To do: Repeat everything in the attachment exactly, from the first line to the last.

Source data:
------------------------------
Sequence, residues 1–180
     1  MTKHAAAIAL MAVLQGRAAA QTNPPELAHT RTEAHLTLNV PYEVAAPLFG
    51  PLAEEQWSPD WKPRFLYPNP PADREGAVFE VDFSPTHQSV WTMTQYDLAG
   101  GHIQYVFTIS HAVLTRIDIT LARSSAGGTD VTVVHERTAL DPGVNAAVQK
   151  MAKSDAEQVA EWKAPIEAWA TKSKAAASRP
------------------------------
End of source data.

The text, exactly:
Sequence, residues 1–180
     1  MTKHAAAIAL MAVLQGRAAA QTNPPELAHT RTEAHLTLNV PYEVAAPLFG
    51  PLAEEQWSPD WKPRFLYPNP PADREGAVFE VDFSPTHQSV WTMTQYDLAG
   101  GHIQYVFTIS HAVLTRIDIT LARSSAGGTD VTVVHERTAL DPGVNAAVQK
   151  MAKSDAEQVA EWKAPIEAWA TKSKAAASRP